Unicef Partners with Gates Foundation to help stem Polio outbrake in Angola.
21 January 2011 – Top officials from the United Nations Children’s Fund (UNICEF) and The Bill & Melinda Gates Foundation are arriving in Angola this weekend to help boost the Government’s efforts to halt an ongoing polio outbreak centred in the capital, Luanda.
The visit by UNICEF Executive Director Anthony Lake and Dr. Tachi Yamada, President of the Global Health Program of The Gates Foundation, comes as authorities prepare to mount a renewed effort to stop the transmission of polio by increasing vital immunization coverage.
Last year 32 people contracted polio in Angola, a “disappointing turnaround” from 2004, when Angola celebrated three consecutive years free from the virus and the country stood ready to be declared polio-free, UNICEF stated in a news release.
But by May of 2005, the disease returned and quickly spread to Namibia (2006), Democratic Republic of the Congo (2006, 2008 and 2010), and the Republic of Congo (2010).
“Every new case of polio is a personal tragedy, and every new case is a setback in our global fight to defeat this crippling, deadly disease,” said Mr. Lake.
“UNICEF is committed to supporting Angola’s efforts to stop transmission of the deadly polio virus by ensuring that every child is vaccinated.”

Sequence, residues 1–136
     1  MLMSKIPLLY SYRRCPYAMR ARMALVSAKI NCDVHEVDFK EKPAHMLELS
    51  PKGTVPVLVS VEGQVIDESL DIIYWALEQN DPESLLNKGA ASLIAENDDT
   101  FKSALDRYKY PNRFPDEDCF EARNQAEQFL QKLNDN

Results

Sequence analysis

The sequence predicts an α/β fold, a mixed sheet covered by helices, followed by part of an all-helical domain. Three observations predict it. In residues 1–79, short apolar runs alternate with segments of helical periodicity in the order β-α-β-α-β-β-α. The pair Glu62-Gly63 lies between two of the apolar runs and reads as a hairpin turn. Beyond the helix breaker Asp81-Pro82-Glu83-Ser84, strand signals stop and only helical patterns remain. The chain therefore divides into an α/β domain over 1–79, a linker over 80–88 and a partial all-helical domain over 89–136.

While in Luanda, Mr. Lake and Dr. Yamada will meet with senior government officials and partners in the fight against polio – a contagious viral disease which causes paralysis – as well visit families, volunteers and health services. Among other things, they will discuss how to support national, provincial and municipal efforts in Angola to interrupt transmission.
“We support the Government as it commits to strengthening the polio programme in the country and pursues a polio-free Angola,” said Dr. Yamada. “Winning against polio can also set the stage to save Angolan children from all vaccine-preventable diseases.”
Globally, polio has been eradicated in all but four countries – Pakistan, India, Nigeria and Afghanistan.